The French Navy has sent one of its most advanced survey vessels to lead the search for the submerged wreckage of the EgyptAir jet destroyed over the eastern Mediterranean last week.
The Laplace has left Porto Vecchio in Corsica and will arrive at the likely crash site over the weekend, deploying specialist technology to pick up telltale “pings” from the Airbus Group SE A320’s black-box flight recorders in waters thought to be more than 3,000 meters (9,850 feet) deep.
Regarded as key to determining what brought down Flight MS804 while en route from Paris to Cairo with 66 people on board, the data and voice recorders — actually colored orange — are detectable only from within a few miles, and are likely to run out of power in about three weeks.
Discussions are underway on drafting in a second ship equipped with robot-exploration and lifting equipment for the eventual retrieval of the recorders, France’s air-accident investigator said Friday. Two officials from the BEA, involved because Airbus is based in Toulouse, will travel on the Laplace.
The ship, named after celebrated French mathematician and astronomer Pierre-Simon Laplace, will carry three Detector 6000 underwater listening systems supplied by the Alseamar unit of Paris-based search specialist Alcen, a veteran of air-crash searches that also works with defense and oil-industry clients.
The probes, shaped like torpedoes and dragged beneath the ship, have an “extremely long detection range,” according to Alseamar, being able to detect pings from black boxes 5 kilometers (3 miles) away. Egypt said Thursday the deployment of more specialist gear would “help speed up” the search effort.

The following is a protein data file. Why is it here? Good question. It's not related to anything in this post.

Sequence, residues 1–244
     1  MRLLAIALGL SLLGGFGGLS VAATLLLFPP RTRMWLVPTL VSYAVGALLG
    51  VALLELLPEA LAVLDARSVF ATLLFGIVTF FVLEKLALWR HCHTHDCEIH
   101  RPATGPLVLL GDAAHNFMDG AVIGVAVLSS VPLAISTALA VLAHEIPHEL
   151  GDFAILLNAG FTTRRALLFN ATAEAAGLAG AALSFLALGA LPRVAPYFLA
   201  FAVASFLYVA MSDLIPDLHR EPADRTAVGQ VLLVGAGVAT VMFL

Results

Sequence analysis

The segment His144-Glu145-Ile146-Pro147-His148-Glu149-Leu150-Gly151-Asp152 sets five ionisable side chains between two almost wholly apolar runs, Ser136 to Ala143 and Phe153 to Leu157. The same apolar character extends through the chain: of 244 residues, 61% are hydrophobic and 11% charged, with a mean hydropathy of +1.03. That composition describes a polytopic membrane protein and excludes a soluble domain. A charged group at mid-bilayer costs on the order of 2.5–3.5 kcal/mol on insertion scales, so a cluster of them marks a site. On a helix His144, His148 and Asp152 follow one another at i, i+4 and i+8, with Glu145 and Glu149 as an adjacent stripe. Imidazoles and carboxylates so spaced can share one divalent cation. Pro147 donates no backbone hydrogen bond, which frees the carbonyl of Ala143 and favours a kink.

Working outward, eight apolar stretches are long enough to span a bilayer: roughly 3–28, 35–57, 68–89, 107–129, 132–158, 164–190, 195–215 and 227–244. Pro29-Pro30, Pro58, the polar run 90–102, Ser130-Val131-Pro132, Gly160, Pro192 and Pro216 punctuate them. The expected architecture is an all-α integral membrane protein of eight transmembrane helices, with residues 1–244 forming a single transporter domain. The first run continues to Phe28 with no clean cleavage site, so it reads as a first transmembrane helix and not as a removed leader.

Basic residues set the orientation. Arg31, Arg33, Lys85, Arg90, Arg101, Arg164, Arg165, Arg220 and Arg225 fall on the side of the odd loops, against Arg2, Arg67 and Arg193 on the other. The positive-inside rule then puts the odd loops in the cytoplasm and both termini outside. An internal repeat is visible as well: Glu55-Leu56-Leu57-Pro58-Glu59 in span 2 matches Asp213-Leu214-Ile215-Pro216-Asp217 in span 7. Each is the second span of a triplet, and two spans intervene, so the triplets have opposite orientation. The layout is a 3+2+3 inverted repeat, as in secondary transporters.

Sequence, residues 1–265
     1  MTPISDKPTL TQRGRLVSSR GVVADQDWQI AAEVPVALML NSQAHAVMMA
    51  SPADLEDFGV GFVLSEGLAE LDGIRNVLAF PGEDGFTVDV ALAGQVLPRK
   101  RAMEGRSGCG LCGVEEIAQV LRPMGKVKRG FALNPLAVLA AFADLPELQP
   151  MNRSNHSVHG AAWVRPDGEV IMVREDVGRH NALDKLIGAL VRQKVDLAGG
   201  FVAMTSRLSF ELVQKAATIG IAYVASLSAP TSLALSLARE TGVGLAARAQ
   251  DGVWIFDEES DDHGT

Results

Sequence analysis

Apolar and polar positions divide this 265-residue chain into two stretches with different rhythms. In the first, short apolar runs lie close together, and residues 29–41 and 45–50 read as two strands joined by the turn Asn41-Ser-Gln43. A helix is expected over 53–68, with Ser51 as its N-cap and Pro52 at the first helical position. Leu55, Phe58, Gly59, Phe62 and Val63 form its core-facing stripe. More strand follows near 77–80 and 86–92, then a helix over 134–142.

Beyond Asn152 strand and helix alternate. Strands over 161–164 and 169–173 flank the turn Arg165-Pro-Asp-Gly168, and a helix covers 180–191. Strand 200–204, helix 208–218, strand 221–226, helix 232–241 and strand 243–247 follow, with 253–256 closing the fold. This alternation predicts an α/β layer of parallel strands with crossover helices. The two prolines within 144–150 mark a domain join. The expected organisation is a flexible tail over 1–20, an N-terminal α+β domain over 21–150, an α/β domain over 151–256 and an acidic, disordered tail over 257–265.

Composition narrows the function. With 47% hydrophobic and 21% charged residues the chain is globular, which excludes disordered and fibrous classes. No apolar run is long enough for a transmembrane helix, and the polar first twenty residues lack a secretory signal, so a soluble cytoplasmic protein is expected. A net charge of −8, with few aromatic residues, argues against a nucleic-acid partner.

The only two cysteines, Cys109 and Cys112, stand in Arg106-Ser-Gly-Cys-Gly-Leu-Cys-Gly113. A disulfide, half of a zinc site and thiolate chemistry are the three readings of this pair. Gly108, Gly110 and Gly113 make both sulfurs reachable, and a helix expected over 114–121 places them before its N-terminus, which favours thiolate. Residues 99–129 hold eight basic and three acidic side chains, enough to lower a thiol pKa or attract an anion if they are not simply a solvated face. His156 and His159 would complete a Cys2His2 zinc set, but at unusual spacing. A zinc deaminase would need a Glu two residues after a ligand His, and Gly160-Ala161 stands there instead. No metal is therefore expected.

Among previous projects, Alseamar worked on the recovery of the black boxes from a Flash Airlines Boeing Co. 737 that crashed into the Red Sea shortly after takeoff from Sharm el-Sheikh in 2004, killing all 148 passengers and crew.
Last year’s loss of an Airbus A321 operated by Russia’s Metrojet, apparently blown up over Sinai by a terrorist bomb, killing 224, posed relatively fewer challenges, with the flight recorders easily found in the desert landscape.
The Egyptian-led investigation team will still need to narrow down the location of the MS804 wreck to bring the French technology to bear. Previous attempts to find the jet using a submarine were hampered by the lack of a well-defined search area and the depth of the water where it seems to have come down.
Experts remain unclear about what destroyed the Airbus. While human remains so far recovered indicate a catastrophic incident such as a bomb, bodies can also be ripped apart when an aircraft disintegrates following a structural failure, or hits the ground or sea at high velocity.
A string of error messages sent automatically minutes before the A320 plunged into the sea indicated that smoke had been detected beneath the cockpit and in a lavatory, and that windows next to the co-pilot’s seat may have been broken, together with unspecified issues with flight computers.
While those readings might be explained in terms of a bomb blast, they could equally have resulted from a fire and associated electrical failure.
Commander Benjamin Chauvet, a spokesman for the French navy, told reporters at a briefing in Paris Thursday that the search zone remains too wide to quickly home in on the black boxes. Waters in the area are also particularly polluted, forcing searchers to sift through unrelated debris, he said.
Signals from the A320’s emergency locater transmitter may have identified an area with a 5-kilometer radius, the state-owned Ahram Gate website said, citing Ayman Al Moqadem, Egypt’s air-accident investigation chief.
An aircraft ELF emits a radio signal — separate to the flight recorder pings — detectable by satellite in the event of a crash, though the beacon wouldn’t normally function underwater.